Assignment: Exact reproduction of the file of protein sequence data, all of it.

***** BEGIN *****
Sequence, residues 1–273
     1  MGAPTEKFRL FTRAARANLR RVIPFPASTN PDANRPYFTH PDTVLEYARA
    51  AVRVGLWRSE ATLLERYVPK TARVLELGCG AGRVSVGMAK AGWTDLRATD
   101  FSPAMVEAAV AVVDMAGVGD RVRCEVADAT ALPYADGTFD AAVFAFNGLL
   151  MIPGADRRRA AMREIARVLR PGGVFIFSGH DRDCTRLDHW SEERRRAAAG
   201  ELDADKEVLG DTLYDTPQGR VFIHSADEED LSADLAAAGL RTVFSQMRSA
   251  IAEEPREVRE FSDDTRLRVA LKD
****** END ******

Sequence, residues 1–273
     1  MGAPTEKFRL FTRAARANLR RVIPFPASTN PDANRPYFTH PDTVLEYARA
    51  AVRVGLWRSE ATLLERYVPK TARVLELGCG AGRVSVGMAK AGWTDLRATD
   101  FSPAMVEAAV AVVDMAGVGD RVRCEVADAT ALPYADGTFD AAVFAFNGLL
   151  MIPGADRRRA AMREIARVLR PGGVFIFSGH DRDCTRLDHW SEERRRAAAG
   201  ELDADKEVLG DTLYDTPQGR VFIHSADEED LSADLAAAGL RTVFSQMRSA
   251  IAEEPREVRE FSDDTRLRVA LKD